Friends’ Bands I Have Known

For two years, you thought your college roommate’s band was going to hit the big time. Then you were sober again.

Jason & The Androids

A third-grade power-pop trio, featuring Casio VL-Tone, tambourine, vox. Unabashed in their love of stripped-down bubblegum, reducing it to the bare essentials: two-note melodies, gleeful harmonies, monosyllabic lyrics (‘It’s a big car / It’s a big big big car’). Only known recording: an untitled three-song EP on the B side of an Introductory French Phrases audiocassette found in one of the older kids’ classrooms; essential, extremely rare.

Throne of Bone

Fabulously charismatic duo that, despite having a Trapper Keeper full of logo designs, never got beyond lip-synching cover songs. Still, their incendiary performance at the La Garra Middle School Talent Show was never forgotten by anyone who saw it. Mitch and Albert claimed Van Halen’s ‘Everybody Wants Some’ and Salt-n-Pepa’s ‘Push It’ for their own, thrilling the crowd with leg-kicks, on-the-knees exhortation, and saucy pointing at some of the finer audience members. A live band first and foremost, ToB never set foot in a studio, not wanting to ‘cage the tiger.’

Bryan Kimura

Solo guitarist extraordinaire, Kimura saw himself as a modern-day troubadour, a wanderer, a bard, sharing his songs with the world as he rambled from the A/V room to the track to the little field behind the cafeteria. Sporting his prized Ibanez Destroyer and portable Pignose amp (which hung from his heavy leather belt), Kimura would ramble through the day, shredding one Satriani-inspired (though still 100% Kimura-penned) fret-workout after another. He never sang, and in fact never spoke to anyone, letting his vicious hammer-on technique do the talking for him. A visionary, an iconoclast—an enigmatic wonder to each soul that he touched during his journey.

DJ N-Drea

A pioneer in the DJ-as-artist movement, N-Drea (née Andrea Tollefsen) got her start at Diane Ilyer’s end-of-summer party. She kept the beats fast and furious, swapping cassettes into a portable Panasonic with speed and grace. Dropping the Bangles’ ‘Eternal Flame’ right after the Toy Dolls’ ‘Nelly the Elephant’ startled the guests but nevertheless worked, and irreverent sequencing soon became her trademark. But although N-Drea loved whipping a crowd into a frenzy, her genius fully blossomed when hunched over the twin tape decks in her home studio. Entire weekends were consumed creating limited-edition cassettes, from the early ‘Mix For Josh A.’ to the seminal ‘Winter Finals’ to the envelope-pushing ‘The Flowers of Evil,’ featuring snippets of television commercials and comedy albums. A firm believer in DIY, N-Drea would handle the recording, mixing, mastering, and even design of her own work. Each mix featured a cover hand-drawn in Erasermate or scented marker, often supplemented by a small collage of images cut from a magazine.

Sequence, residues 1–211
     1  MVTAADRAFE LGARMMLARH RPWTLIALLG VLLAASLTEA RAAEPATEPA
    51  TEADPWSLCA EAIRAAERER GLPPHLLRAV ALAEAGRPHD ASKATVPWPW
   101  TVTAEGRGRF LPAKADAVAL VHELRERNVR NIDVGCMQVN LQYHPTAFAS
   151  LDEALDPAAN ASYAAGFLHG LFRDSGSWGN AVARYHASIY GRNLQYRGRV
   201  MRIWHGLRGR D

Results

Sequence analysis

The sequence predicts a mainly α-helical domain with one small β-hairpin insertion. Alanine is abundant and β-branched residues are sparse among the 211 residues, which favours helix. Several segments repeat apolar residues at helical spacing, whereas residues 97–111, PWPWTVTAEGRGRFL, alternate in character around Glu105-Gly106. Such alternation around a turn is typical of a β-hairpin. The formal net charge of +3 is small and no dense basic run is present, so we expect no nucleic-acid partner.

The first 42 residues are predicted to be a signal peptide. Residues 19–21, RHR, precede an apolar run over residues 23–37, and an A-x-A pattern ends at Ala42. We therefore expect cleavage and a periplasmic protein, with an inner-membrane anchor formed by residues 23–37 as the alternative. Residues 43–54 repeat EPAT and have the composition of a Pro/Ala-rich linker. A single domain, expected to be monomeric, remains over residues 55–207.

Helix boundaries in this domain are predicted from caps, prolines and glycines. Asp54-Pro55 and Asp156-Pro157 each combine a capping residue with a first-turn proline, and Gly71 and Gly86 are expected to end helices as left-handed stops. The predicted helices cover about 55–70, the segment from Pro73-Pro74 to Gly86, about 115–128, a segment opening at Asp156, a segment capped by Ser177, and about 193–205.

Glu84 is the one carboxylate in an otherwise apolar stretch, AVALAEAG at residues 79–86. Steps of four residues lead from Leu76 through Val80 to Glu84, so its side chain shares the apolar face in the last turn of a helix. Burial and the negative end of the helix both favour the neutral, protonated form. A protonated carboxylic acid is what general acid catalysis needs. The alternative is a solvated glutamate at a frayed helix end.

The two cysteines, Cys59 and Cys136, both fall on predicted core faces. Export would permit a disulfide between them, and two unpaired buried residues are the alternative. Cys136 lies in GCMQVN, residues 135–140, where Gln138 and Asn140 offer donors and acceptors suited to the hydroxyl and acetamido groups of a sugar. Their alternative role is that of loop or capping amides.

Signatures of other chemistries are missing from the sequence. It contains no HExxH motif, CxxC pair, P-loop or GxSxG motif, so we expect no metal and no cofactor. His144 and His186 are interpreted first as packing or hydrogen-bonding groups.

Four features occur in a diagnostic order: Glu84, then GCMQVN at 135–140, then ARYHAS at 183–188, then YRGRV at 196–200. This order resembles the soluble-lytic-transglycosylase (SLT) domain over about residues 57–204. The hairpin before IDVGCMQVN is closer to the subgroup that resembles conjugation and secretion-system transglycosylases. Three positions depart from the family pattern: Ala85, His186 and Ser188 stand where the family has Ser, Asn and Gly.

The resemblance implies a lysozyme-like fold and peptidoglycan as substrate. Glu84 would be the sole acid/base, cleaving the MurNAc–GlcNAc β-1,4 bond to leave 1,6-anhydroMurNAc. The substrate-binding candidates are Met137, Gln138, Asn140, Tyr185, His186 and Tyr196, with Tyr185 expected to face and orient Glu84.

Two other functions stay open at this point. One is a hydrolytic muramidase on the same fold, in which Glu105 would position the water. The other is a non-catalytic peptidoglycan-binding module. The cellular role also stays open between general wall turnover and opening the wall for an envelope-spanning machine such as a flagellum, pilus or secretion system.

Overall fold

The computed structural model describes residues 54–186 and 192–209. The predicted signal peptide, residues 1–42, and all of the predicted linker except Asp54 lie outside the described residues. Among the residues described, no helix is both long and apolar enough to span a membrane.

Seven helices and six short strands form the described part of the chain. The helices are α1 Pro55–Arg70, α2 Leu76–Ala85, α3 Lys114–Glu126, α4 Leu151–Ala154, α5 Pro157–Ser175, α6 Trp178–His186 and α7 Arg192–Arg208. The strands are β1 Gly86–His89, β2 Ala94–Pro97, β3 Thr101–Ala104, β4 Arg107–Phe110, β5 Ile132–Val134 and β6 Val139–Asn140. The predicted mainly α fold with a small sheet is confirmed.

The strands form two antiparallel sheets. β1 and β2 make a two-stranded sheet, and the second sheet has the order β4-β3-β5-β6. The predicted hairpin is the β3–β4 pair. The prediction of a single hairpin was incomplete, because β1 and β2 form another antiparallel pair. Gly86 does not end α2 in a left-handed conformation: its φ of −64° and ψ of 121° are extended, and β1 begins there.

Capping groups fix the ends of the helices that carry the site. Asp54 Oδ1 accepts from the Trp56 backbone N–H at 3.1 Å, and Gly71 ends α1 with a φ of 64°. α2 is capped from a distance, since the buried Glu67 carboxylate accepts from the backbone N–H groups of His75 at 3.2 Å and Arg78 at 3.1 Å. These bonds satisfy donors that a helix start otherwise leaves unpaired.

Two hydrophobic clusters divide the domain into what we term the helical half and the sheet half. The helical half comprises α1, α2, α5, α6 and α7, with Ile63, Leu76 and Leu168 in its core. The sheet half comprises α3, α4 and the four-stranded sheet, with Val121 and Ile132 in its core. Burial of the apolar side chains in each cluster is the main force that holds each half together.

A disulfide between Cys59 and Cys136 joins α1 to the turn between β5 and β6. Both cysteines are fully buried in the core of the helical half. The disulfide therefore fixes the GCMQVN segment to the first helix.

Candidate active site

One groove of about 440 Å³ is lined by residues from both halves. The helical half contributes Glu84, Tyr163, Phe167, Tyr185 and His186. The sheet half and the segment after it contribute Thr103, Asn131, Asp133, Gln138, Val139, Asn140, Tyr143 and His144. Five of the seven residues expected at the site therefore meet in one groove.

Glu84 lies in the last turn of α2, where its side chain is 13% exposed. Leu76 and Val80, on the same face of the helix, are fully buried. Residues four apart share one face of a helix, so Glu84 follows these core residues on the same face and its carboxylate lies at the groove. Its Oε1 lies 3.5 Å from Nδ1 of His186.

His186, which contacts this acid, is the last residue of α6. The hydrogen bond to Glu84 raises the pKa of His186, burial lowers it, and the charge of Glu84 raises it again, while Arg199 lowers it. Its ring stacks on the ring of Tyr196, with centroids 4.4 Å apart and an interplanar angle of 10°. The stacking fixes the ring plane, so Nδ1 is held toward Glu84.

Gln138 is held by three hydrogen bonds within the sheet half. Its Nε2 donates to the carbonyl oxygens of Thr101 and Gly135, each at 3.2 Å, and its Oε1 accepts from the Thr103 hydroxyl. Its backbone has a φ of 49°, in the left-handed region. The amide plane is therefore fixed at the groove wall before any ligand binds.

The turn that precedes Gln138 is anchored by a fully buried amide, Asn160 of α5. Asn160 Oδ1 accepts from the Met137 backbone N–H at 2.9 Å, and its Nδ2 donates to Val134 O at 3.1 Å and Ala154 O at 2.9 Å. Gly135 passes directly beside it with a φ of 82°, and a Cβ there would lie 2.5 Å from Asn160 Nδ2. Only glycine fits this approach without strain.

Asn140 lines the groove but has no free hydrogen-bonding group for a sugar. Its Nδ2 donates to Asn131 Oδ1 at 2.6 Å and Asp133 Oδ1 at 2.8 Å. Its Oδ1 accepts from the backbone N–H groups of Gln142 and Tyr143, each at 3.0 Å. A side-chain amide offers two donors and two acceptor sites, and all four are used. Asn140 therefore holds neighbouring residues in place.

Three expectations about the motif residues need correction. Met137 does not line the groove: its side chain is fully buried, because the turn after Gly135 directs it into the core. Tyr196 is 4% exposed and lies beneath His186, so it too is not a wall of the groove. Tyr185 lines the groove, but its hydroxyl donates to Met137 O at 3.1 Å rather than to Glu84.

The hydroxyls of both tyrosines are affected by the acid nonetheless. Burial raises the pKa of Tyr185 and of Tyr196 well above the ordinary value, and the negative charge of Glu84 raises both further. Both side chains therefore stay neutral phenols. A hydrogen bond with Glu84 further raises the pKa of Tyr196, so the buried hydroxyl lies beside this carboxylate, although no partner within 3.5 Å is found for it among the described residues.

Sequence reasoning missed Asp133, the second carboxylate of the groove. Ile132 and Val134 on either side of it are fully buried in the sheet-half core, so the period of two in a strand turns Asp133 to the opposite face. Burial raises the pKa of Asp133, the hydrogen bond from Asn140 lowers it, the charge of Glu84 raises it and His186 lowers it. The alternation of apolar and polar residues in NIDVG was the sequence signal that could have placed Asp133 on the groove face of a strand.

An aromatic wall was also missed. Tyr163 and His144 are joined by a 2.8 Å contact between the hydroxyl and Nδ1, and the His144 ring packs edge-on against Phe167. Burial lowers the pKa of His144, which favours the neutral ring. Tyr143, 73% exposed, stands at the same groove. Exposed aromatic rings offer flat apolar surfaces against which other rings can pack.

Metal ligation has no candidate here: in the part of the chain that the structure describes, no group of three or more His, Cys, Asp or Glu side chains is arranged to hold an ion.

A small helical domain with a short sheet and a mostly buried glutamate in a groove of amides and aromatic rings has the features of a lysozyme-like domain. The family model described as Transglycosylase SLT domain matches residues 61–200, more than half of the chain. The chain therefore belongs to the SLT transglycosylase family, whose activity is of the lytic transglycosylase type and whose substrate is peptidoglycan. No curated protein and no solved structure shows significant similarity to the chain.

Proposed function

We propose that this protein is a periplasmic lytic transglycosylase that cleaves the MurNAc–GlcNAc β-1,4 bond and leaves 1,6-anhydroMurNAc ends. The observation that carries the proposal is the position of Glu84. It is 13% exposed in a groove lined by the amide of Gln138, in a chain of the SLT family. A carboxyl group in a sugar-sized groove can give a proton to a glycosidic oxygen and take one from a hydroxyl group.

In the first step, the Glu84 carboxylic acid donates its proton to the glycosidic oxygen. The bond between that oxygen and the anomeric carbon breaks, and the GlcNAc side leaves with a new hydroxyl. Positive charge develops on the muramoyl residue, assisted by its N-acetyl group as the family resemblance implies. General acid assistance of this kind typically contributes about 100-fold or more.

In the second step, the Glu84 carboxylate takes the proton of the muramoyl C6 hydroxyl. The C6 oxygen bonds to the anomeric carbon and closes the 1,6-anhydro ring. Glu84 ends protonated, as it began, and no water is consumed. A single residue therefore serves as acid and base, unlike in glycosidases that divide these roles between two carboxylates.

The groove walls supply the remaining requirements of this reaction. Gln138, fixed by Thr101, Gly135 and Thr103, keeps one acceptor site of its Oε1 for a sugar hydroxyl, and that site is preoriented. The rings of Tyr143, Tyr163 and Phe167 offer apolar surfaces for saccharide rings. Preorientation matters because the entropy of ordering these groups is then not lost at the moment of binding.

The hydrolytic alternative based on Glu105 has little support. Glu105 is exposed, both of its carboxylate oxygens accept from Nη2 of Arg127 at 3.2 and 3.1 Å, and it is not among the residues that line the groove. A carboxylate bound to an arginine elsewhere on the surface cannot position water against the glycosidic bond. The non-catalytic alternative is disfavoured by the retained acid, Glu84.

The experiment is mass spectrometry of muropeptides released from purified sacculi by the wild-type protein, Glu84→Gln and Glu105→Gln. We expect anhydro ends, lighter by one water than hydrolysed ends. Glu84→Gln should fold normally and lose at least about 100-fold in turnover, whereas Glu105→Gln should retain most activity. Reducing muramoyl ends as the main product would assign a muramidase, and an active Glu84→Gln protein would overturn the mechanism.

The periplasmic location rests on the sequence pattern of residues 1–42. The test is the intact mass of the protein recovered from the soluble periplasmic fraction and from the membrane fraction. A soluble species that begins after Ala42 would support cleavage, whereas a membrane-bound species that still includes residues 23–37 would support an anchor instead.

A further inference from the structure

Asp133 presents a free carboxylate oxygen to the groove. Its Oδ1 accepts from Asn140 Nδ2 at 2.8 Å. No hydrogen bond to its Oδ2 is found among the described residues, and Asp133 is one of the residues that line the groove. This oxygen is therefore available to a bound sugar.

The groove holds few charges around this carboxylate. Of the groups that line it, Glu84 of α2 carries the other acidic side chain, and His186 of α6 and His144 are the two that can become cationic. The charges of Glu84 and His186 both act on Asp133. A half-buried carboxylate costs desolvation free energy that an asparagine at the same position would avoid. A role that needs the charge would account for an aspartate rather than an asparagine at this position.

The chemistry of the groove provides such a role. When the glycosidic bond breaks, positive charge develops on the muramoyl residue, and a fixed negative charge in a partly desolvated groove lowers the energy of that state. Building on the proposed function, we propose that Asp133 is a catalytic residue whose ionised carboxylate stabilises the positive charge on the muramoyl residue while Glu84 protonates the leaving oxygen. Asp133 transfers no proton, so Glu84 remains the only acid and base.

The Malphs

Lead guitar, rhythm guitar, bass, drums. The classic lineup, yet somehow made fresh and vital by The Malphs. Fate brought them together when they were assigned to the same dorm, and Calliope smiled upon their first rehearsal in the fifth-floor bathroom. The noise they created was pure, unholy, revelatory, making itself heard down the hall, in the student lounge, three floors down, outside on the quad, even all the way to the Chem building. Unconfined by mainstream conceptions of structure and melody, The Malphs blazed their own trail to rock ‘n’ roll heaven, with the atonal feedback of Charlie Dell’s guitar and the untutored shrieks of Antonio Falcon burrowing straight into the listeners’ heads. Sadly, the band parted ways later that afternoon in a drunken brawl that was as fiery and uncompromising as their music itself.

The Yellow-Haired Girls

The three brunettes who made up this Counting Crows cover band were exquisite musicians, mellifluous singers, and appeared every Monday night at the Stockton Alehouse for two years before deciding, amicably, to pursue solo projects. But even though they went on to create their own astonishing work (Natalie’s involvement in the local improv group, Amy’s performance piece ‘Anticipating Christina,’ Giddy’s autoharp busking), they were never able to recapture the magic of The Yellow-Haired Girls. A copy of their self-titled CD, featuring a Medieval-flavored take on ‘A Long December,’ can still be found on eBay from time to time.


TMN Contributing Writer Joshua Allen is a complex and exciting young man. He is a hard worker and always gives 110 percent. He is a people-person unless that person is a crab and not pulling their weight for the team. If enthusiasm and get-up-and-go are drugs, then he’s a hardcore drug addict. He’s pretty obviously an only child. He lives in Fireland, USA. More by Joshua Allen